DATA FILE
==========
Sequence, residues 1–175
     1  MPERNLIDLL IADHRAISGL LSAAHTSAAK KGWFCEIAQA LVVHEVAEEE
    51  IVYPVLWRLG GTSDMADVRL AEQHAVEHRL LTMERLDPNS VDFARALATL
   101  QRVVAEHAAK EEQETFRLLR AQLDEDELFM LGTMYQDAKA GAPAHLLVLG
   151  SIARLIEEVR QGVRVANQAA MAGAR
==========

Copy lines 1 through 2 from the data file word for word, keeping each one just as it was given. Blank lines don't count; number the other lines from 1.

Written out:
Sequence, residues 1–175
     1  MPERNLIDLL IADHRAISGL LSAAHTSAAK KGWFCEIAQA LVVHEVAEEE